U.S. Pat. No. 4,091,791 teaches a ball throwing machine having a flat, circular resilient disc with an off-center opening formed therein through which a ball to be thrown is forced at a predetermined velocity. By properly positioning the flat circular resilient disc, having the off-center opening formed therein, a thrown ball can be made to spin about any axis perpendicular to the ball trajectory. A tubular barrel is mounted adjacent to the resilient disc so that as a ball is forced from the throwing machine it is forced through the opening in the resilient disc and into and out of the barrel. The barrel, which is positionable, permits the ball ejected from the throwing machine to be accurately aimed in any desired direction. A firing chamber is located adjacent the resilient disc on the side opposite the barrel. Balls to be thrown are fed into the firing chamber by a ball feeder. When a ball to be fired is positioned in the firing chamber, the firing chamber to the rear of the ball is sealed and a compressed air charge of a predetermined pressure is introduced into the rear of the firing chamber rapidly forcing the ball through the opening in the resilient disc and out of the barrel. The pressure built up in the firing chamber before the ball is expelled through the resilient disc and the barrel determines the velocity of the thrown ball. Thus it can be seen that any type of curved ball, at any desired velocity, can be thrown from the disclosed ball throwing machine. An air reservoir chamber axially aligned with the firing chamber and the tubular barrel is disposed behind the firing chamber. A firing valve, having an open position allowing free communication between the air reservoir and the firing chamber and a closed position eliminating any communication therebetween, is disposed between the air reservoir and the firing chamber.

U.S. Pat. No. 4,372,284 discloses a baseball-pitching machine wherein a baseball is delivered into the constricted space between, and thereby gripped frictionally by, to oppositely rotating wheels which throw the ball. A single DC shunt wound motor is used to drive the wheels in cooperation with one variable drive pulley and an assortment of guide pulleys. One wheel is driven at a constant speed by the motor while the speed of the second wheel is adjusted by means of a variable drive pulley. By thus changing the speed of one of the two oppositely rotating wheels, it is possible to impart a variety of spins to the thrown ball and thus simulate curve and slider balls thrown by a professional pitcher. The axis of the variable drive pulley is fixed and the position of the belt within the variable drive pulley is controlled indirectly by means of a belt tensioning pulley operated by a screw.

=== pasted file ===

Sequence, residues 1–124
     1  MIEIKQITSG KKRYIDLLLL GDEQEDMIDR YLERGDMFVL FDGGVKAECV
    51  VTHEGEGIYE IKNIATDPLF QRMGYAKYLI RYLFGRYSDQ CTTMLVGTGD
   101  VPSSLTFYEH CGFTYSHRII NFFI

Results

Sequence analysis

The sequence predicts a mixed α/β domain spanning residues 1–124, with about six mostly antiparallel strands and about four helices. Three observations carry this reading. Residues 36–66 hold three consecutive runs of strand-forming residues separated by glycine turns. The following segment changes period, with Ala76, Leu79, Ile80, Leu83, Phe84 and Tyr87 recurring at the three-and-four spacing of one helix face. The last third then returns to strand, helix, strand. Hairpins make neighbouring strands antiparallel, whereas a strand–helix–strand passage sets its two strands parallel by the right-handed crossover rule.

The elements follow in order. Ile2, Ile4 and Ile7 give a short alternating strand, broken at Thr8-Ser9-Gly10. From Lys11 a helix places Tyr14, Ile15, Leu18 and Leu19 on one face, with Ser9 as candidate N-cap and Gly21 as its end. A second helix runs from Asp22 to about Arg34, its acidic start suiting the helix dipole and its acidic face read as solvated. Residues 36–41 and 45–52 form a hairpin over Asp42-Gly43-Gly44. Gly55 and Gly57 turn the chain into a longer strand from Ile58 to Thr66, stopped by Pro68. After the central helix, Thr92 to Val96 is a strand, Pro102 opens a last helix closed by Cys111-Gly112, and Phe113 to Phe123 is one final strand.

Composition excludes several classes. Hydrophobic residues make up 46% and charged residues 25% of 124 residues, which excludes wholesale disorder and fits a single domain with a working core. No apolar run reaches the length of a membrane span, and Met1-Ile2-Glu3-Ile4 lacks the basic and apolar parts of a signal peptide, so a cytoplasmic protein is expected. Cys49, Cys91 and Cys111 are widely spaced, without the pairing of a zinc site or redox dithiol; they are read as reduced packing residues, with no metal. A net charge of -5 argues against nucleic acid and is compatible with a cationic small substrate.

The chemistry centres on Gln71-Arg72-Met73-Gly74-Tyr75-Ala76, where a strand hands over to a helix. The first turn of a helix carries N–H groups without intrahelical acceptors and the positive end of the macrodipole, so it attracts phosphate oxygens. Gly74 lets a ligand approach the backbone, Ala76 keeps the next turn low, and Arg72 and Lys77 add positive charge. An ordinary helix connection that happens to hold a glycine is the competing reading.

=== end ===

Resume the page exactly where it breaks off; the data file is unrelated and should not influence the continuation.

U.S. Pat. No. 4,442,823 describes a pitching machine and control system which will pitch any baseball pitch desired on command with all parameters of each pitch chosen before the pitch of the ball. The system measures and counteracts the effects of the prevailing weather upon the ball then delivers the ball to the chosen point in the target zone. The parameters of the pitch are: orientation of the seams of the ball with respect to the access of spin, orientation of the access of spin with respect to the direction of travel, location of the release point with respect to the center of the machine (including both height and width), velocity of the ball, magnitude of the spin of the ball, and initial direction of the ball. The target parameters which are also selected before pitch are the target location with respect to the release point of the ball. Internal settings of the machine are adjusted to satisfy the pitch, and target parameters and the prevailing weather. Pitch and target parameters can be stored and played back to control the system.

U.S. Pat. No. 5,464,208 relates to a ball pitching machine having a ball feed means for feeding balls to a feeding point where they will be acted upon by rotating drive wheels, a plurality of at least two drive wheels having planes and axes of rotation, said axes of rotation being perpendicular to said planes, said wheels being disposed about said feeding point so as to simultaneously act on a fed ball imparting to the fed ball spin and a forward velocity and trajectory, outwardly away from the feeding point in a direction initially perpendicular to the axes of rotation and in the plane of the wheels. The rotating means is constructed for rotating each drive wheel independent of other drive wheels at a plurality of pre-selected rotational speeds thereby effecting a type of pitched ball having a predetermined trajectory. A tilting means is provided for altering the trajectory, upwardly or downwardly, in a vertical plane, coplanar with the plane of the drive wheels. A panning means is provided for altering the trajectory of the ball in a plane perpendicular to the plane of the drive wheels. A speed measuring means is provided for determining the speed of the moving ball, and a computer means for inputting at least one set of variables that determine the trajectory based on the speed of the ball and at least one set of variables for effecting the spin applied to the ball by the drive wheel.